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CMMS: Masters of Multitasking

Part 1: CMMS Capabilities

Part 2: CMMS: Worth the Cost?

Part 3: Integrating CMMS with Other Building Systems


CMMS: Worth the Cost?

By Lindsay Audin - September 2010 - Maintenance & Operations


While the cost of such capabilities varies widely, Zabrocki says that a good rough budget number, which includes software, setup, and basic training, would be about $15,000 for a typical facility with several user stations, plus 15 to 20 percent per year of that cost for annual maintenance and upgrades by the software provider.

To promote the CMMS option, Zabrocki says that it may be difficult to quantify improvements to productivity and service unless such characteristics are already being measured: "If you don't presently measure downtime/uptime or worker productivity, it's hard to show how much either could be improved with a CMMS," he says.

Once that data is in hand, however, it can be compared to facilities already using such software.

Another approach is to compare a list of a given CMMS's capabilities with a similar list of what an existing system can do. Where the added strengths of a CMMS stand out, quantify how such abilities could translate into fewer work orders, reduction in tenant complaints, or better regulatory compliance. One possible benefit may be a reduction in time spent processing work orders and dealing with occupant complaints. Another may be time saved by avoiding manual re-entry of data from one system to another due to an inability of two systems to communicate.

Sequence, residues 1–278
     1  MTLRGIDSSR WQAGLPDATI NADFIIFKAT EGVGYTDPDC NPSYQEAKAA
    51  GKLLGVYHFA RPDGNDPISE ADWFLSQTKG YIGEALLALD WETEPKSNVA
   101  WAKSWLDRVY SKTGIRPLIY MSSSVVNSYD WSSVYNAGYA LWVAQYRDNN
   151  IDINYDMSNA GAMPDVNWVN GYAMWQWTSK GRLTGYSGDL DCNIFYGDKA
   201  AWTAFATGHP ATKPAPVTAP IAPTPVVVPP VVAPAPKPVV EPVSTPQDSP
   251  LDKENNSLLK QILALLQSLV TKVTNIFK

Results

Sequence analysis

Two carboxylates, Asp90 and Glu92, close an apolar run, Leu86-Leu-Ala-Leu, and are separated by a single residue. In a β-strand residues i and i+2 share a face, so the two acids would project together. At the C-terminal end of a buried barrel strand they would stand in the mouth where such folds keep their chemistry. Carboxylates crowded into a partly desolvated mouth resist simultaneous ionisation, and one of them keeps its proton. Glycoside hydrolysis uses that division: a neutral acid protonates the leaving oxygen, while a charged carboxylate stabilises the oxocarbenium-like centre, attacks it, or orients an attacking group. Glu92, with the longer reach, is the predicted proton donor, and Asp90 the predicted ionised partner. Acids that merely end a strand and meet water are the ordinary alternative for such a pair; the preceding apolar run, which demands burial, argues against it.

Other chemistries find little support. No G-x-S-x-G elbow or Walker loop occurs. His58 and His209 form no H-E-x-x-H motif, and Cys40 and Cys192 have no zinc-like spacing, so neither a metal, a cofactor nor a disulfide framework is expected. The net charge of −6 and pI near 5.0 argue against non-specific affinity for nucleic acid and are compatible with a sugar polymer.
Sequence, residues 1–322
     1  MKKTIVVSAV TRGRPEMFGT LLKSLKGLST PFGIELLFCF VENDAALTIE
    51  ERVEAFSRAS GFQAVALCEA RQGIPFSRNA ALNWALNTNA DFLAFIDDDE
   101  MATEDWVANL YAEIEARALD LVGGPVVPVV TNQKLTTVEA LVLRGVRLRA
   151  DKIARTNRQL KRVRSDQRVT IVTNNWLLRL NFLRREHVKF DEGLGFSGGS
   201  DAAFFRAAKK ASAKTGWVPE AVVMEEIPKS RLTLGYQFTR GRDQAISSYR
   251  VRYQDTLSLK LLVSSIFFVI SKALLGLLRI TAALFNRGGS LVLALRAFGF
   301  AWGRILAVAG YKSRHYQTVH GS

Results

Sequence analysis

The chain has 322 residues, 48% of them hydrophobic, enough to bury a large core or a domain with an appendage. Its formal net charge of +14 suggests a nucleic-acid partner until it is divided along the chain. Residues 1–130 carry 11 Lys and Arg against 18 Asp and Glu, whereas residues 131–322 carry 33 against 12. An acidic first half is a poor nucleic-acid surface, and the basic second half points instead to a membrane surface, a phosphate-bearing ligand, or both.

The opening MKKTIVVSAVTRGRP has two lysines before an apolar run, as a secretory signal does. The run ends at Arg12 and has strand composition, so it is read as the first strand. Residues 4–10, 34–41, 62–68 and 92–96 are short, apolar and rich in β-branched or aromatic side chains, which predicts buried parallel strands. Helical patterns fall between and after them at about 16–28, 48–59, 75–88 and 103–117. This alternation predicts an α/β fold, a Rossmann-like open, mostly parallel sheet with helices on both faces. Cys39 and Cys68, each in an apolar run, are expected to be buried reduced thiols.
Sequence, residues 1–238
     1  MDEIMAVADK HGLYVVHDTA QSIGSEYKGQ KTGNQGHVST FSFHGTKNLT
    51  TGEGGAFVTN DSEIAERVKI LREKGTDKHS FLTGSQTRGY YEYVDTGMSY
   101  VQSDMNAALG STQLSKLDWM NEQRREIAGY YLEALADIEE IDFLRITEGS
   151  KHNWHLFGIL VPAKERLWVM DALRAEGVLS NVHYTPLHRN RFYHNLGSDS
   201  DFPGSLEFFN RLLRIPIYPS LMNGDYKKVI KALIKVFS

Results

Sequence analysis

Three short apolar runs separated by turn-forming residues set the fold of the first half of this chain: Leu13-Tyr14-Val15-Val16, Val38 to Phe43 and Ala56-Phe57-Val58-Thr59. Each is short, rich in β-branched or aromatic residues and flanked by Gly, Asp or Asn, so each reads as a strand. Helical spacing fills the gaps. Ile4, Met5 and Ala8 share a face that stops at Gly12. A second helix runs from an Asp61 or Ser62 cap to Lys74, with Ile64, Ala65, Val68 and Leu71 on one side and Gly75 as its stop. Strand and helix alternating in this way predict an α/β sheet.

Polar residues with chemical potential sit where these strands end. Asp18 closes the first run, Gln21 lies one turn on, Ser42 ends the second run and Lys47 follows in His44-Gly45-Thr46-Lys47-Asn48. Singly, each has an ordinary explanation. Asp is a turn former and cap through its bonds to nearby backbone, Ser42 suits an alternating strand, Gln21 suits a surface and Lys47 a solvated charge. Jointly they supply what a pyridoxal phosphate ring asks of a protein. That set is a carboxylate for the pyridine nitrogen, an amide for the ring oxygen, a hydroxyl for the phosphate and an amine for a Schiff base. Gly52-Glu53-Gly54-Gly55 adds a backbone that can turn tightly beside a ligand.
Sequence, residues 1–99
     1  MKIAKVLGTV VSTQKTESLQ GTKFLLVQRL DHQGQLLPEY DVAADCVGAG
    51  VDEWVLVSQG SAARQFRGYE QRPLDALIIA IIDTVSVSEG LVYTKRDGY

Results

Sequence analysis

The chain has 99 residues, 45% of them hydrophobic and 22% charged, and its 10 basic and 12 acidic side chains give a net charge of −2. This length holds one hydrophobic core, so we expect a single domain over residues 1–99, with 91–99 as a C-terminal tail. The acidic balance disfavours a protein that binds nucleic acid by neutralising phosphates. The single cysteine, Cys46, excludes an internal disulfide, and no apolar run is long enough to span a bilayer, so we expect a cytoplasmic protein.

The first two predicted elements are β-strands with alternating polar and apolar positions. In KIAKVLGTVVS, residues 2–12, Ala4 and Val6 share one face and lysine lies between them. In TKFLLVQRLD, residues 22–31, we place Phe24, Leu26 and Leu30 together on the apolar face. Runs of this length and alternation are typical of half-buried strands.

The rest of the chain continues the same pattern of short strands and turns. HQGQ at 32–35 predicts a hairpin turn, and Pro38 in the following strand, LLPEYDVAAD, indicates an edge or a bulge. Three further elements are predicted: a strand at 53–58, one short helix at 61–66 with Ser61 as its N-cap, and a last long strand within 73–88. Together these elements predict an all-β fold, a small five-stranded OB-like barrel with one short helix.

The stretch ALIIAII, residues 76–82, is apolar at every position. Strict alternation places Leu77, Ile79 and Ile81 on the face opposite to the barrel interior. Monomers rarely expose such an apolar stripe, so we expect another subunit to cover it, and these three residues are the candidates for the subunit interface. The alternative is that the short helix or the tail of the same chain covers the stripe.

Zabrocki also offers several cautions with regard to securing the most value for such an investment: "Unless those using a CMMS see the value of entering data related to their work, such detail will eventually suffer. There's an ongoing need for feedback and communication among system users to ensure that each knows that the other is utilizing entered data."

As part of refresher training, he suggests occasional presentations of how data entered was later used to demonstrate its value in maintaining uptime and cutting costs.

Another area Zabrocki says is important is transferring institutional memory through training manuals customized for a facility. Even with mundane work order tracking systems, training and refresher classes for new and existing personnel may be critical to ensuring that a system is used to its greatest benefit. "Maintaining a culture of constant improvement can go a long way to that end," Zabrocki says.




CMMS: Masters of Multitasking

Part 1: CMMS Capabilities

Part 2: CMMS: Worth the Cost?

Part 3: Integrating CMMS with Other Building Systems


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